Masters in nursing students' experiences as a member of a virtual classroom on the internet
Carla L. Mueller, PhD, RN
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There is a growing demand for masters prepared nurses to meet the health care needs of the population. However, adult students find that multiple role responsibilities make it difficult to participate in the leisurely pace of the youth-centered model of traditional higher education. Courses in virtual classrooms on the Internet have been established to provide more convenient access to graduate nursing education. However, few attempts at systematically investigating and rigorously assessing the experiences of graduate students involved in courses in virtual classrooms on the Internet have been published. Disciplined investigation of students' experiences is warranted in order to fully explore the meaning of these experiences to those directly involved. The questions posed for this study were: How do students in masters in nursing courses experience education as a member of a virtual classroom on the Internet? What meanings do they attach to that experience? A qualitative inquiry using an interpretive phenomenologic design was used. Network sampling was used to select fifteen participants for this study from those masters in nursing students at a large midwestern university for interviews. Data analysis used a hermeneutic circle and followed the seven stages outlined by Diekelmann, Allen, and Tanner. Five themes and one constitutive pattern were identified. Themes were: (1) Changing Expectations → Adapting to New Roles; (2) Learning the System → Technology's Potholes and Pitfalls; (3) Feeling Overburdened; (4) Is Anyone Really Out There? → Communicating Without Voices; and (5) Learning as a Growing Experience → Recognizing New Strengths. The constitutive pattern was Learning the Ropes: Finding a Way Through the Forest. Participants described learning as much different than previous experiences in traditional on-campus classes and spent much time learning the technology and adapting to a more student centered, reflective mode of learning. Communicating with others without the benefit of body language and voices was difficult. Most students reported a sense of isolation and a feeling that they did not know their classmates well. Students who participated in chat room sessions described knowing chat group members better than other classmates and perceived less isolation.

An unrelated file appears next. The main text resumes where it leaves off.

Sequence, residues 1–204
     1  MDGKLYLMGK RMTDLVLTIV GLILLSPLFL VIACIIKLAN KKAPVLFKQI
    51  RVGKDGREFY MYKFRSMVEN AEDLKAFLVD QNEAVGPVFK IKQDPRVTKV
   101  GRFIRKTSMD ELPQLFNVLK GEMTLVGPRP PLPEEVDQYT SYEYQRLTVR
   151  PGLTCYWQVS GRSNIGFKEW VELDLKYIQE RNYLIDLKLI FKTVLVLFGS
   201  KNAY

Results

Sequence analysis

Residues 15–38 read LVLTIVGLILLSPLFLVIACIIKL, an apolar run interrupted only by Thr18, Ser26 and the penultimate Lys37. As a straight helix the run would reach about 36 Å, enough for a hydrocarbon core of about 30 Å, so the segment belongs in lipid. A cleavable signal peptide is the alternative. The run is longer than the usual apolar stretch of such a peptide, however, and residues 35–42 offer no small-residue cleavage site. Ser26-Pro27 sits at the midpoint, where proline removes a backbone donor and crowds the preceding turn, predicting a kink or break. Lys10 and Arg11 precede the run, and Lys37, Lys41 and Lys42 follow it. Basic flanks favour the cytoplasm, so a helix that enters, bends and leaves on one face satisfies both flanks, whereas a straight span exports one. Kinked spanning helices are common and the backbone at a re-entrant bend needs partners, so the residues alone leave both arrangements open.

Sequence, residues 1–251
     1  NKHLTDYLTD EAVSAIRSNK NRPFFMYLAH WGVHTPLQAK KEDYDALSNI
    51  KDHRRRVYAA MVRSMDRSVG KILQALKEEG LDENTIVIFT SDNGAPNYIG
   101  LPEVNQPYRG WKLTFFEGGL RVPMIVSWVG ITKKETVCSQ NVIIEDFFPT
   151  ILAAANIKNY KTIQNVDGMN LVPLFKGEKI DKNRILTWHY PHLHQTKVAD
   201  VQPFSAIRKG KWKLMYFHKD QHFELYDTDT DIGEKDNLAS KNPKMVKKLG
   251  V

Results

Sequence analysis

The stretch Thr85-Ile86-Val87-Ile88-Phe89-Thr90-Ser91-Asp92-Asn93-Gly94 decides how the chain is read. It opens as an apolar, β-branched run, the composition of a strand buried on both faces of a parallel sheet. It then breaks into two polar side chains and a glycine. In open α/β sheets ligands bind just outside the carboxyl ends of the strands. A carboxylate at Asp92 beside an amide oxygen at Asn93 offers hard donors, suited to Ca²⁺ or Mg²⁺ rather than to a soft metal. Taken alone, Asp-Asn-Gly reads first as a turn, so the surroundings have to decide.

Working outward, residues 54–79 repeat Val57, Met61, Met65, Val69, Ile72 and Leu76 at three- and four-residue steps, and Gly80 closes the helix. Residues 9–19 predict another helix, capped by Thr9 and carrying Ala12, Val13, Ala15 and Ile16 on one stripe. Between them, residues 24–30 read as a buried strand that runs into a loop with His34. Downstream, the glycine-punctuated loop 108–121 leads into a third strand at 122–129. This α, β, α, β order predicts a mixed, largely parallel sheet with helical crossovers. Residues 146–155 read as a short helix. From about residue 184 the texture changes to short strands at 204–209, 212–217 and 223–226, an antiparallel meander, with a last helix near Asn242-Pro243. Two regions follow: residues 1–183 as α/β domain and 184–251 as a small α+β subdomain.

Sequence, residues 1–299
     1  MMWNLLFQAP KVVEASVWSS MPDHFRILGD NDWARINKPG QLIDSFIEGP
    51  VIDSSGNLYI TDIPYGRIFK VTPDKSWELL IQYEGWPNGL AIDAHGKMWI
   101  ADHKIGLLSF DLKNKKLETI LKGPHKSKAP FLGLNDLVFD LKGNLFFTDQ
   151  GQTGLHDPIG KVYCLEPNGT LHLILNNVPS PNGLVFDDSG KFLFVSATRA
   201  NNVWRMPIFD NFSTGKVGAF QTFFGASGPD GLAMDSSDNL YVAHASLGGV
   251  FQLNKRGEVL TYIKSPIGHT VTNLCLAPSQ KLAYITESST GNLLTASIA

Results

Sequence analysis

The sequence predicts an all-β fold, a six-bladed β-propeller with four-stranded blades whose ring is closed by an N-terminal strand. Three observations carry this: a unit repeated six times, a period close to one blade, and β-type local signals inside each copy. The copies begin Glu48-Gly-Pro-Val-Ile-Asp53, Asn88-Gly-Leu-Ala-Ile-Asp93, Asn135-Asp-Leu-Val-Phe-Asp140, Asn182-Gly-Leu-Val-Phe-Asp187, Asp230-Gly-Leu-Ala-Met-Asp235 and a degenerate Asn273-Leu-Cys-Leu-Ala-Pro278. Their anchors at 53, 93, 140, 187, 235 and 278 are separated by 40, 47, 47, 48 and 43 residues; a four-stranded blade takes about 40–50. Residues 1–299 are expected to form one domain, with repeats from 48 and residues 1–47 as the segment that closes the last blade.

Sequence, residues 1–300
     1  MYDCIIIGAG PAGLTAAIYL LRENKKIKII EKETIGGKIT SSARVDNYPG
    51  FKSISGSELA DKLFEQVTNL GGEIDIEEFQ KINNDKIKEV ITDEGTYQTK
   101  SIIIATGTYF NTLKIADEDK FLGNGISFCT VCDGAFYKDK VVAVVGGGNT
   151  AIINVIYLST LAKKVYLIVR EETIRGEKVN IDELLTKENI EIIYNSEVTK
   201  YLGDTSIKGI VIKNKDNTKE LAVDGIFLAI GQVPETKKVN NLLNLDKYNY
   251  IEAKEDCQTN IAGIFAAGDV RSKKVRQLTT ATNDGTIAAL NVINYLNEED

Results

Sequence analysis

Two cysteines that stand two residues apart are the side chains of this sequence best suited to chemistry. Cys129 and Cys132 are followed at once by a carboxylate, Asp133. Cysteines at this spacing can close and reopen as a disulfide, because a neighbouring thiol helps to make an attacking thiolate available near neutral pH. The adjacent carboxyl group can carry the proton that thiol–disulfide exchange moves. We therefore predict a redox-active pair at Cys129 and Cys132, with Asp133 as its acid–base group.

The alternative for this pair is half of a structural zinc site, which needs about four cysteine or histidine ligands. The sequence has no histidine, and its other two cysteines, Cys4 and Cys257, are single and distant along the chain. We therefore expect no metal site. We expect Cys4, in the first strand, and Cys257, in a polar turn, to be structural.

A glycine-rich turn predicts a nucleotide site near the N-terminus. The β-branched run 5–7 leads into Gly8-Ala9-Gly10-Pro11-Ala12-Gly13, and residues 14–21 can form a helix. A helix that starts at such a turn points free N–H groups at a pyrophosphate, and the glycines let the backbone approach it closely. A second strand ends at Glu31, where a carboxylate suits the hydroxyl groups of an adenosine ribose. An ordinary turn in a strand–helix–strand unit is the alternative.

This dissertation has also been disseminated through the ProQuest Dissertations and Theses database. Dissertation/thesis number: 3024230; ProQuest document ID: 275813692. The author still retains copyright.
This item has not gone through this repository's peer-review process, but has been accepted by the indicated university or college in partial fulfillment of the requirements for the specified degree.
|Review Type||None: Degree-based Submission|
|Research Approach||Qualitative Research|
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